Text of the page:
Writing for the web is much different than writing for print. Here are some tips on how to write content that ‘fits’ on the web.
Use simple sentence structures, short paragraphs, lists, and diagrams. Most website surfers don’t read every word, but scan for the highlights. Therefore long sentences and/or paragraphs which force the visitor to dig for the information will drive visitors away. Utilizing lists and diagrams are an effective way to break up the monotony of paragraphs and keep the user engaged.
Use keywords liberally. Keywords are what is used to describe the words or phrases that you expect an internet user to type into a search engine in order to find your site. Your site will receive a higher ranking in search engines, and therefore be found by more users, if you write your content with those keywords in mind, using them as early and often as possible without losing the readability factor for the actual visitors. Each page on your site will have its own keywords, though some may be shared by multiple pages or even the whole site. Let your web designer know what those keywords are for each page, so that s/he may include them where s/he needs to.
Don’t abuse caps. Capital letters belong at the beginning of sentences and proper nouns. On the web, all caps is translated as shouting and are rarely, if ever, received well. It is also proven harder to read all-caps, so will decrease the usability of your site to use them. A more effective way of providing emphasis is to make use of bold and italic font styles. These options are also more aesthetically pleasing, and are better at drawing the eye of visitors to your point.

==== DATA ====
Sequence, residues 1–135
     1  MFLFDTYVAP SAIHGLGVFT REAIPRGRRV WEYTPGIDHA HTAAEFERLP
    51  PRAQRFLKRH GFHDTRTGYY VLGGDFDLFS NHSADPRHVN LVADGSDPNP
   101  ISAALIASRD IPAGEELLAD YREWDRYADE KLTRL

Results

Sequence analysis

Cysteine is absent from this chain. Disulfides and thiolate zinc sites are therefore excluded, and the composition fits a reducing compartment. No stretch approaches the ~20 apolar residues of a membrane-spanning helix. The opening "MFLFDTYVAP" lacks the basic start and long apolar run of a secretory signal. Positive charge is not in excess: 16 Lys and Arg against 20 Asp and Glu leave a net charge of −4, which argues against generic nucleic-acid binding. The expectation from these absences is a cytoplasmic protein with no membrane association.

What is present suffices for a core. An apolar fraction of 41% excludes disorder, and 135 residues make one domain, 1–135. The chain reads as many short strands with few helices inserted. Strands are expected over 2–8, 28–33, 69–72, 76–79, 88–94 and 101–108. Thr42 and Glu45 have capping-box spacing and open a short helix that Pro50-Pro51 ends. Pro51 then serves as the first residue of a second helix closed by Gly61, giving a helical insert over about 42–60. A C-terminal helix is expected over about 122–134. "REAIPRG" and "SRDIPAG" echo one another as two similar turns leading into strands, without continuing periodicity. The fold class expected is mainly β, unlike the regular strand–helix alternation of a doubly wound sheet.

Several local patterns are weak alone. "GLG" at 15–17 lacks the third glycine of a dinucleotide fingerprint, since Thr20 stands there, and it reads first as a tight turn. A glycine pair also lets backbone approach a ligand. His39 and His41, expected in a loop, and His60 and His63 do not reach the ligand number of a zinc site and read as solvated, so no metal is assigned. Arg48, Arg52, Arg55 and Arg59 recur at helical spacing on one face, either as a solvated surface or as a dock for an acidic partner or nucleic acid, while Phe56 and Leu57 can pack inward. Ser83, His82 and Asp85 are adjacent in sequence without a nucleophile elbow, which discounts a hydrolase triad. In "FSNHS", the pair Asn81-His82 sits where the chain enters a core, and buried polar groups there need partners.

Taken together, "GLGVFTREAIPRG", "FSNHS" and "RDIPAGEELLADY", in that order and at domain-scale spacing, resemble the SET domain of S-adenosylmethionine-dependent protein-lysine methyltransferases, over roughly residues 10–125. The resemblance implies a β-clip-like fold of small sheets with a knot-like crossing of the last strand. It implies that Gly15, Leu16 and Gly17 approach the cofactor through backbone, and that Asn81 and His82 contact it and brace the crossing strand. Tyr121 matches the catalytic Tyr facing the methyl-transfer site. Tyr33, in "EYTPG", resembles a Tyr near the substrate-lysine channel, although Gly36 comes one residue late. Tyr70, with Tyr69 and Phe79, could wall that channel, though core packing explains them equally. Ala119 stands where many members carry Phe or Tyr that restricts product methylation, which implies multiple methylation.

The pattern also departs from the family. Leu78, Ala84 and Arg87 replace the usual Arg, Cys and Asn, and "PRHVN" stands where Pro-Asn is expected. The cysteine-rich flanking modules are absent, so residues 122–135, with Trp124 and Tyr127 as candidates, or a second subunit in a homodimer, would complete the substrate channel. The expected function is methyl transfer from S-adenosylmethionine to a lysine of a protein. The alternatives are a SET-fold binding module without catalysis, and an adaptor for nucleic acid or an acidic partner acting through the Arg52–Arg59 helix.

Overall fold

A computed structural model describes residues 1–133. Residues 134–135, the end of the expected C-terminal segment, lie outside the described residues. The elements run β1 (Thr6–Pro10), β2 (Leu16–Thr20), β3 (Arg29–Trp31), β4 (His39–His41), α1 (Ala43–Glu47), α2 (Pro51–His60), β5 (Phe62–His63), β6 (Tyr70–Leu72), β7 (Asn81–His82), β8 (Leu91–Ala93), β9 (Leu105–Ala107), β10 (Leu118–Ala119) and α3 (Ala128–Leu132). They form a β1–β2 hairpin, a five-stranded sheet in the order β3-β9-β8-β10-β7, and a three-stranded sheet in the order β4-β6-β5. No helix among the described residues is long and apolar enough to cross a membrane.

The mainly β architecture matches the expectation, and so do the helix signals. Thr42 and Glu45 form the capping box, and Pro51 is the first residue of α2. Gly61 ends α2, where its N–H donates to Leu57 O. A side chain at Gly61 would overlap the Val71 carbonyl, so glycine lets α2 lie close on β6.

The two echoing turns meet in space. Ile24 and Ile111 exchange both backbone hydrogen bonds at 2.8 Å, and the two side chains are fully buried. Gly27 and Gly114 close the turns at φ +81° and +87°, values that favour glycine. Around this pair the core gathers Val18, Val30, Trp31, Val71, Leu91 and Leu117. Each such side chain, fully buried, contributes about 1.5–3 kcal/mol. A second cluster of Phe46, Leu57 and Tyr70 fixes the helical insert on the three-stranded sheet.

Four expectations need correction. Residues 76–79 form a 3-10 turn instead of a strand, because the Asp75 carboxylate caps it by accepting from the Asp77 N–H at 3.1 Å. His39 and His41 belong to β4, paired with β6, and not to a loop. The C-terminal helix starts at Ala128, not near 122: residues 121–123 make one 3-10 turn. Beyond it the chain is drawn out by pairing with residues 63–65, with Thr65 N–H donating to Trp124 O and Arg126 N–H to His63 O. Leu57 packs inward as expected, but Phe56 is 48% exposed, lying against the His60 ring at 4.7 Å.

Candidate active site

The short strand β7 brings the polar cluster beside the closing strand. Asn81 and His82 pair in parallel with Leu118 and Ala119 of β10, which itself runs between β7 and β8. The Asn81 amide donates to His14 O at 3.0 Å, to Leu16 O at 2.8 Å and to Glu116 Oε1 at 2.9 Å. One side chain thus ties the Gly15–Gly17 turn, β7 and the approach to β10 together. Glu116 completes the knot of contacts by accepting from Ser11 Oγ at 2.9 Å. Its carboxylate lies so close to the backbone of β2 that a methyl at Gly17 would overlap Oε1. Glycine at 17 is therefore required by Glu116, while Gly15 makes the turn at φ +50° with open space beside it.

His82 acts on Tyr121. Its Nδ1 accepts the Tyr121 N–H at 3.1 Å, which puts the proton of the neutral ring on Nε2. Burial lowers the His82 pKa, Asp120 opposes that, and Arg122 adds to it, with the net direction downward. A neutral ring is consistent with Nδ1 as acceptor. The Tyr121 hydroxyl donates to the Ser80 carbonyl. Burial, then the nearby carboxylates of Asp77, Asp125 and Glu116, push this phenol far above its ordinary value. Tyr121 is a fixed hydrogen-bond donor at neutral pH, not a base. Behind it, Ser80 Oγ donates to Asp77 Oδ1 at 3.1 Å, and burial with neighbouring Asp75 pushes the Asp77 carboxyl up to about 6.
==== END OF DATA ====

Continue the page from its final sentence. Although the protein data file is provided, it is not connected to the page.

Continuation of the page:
Hold the line. By default text links are made blue and underlined. These settings can be changed to make the link appear in a different color and/or not be underlined, but people are used to it this way and expect that when they see words underlined that it will be take them to another area when it is clicked. When visitors do not get the desired effect, they presume something is wrong with the site and credibility is lost. A wise site owner recognizes this and does not use underlining as a means to draw importance to the text.
Prove it. Lend credibility to your site by linking certain pieces of text to reputable organizations that you are referencing, or that agree with the point you are making. Links should be to specific pages, such as to a particular study relevant to the point you are making, whenever possible.
Check it. Read over your document thoroughly, looking for grammatical errors as well as misspellings. It is best to use a third party for this- be it a friend, word processing program, or both.
Create a description. Write a description for your web developer to include in the header of the page. This description will appear under the title of your page in a list of results that are returned from a search engine. Each page should have its own description for best results from the search engines, ensuring that the right customers are driven to your website. It is wise to make sure your keywords are used in this description.
Be personable. Show a sense of humor and a little of your personality. A site that fails to allow the visitor to make a personal connection is a site that fails to make money.
Green Turtle Studio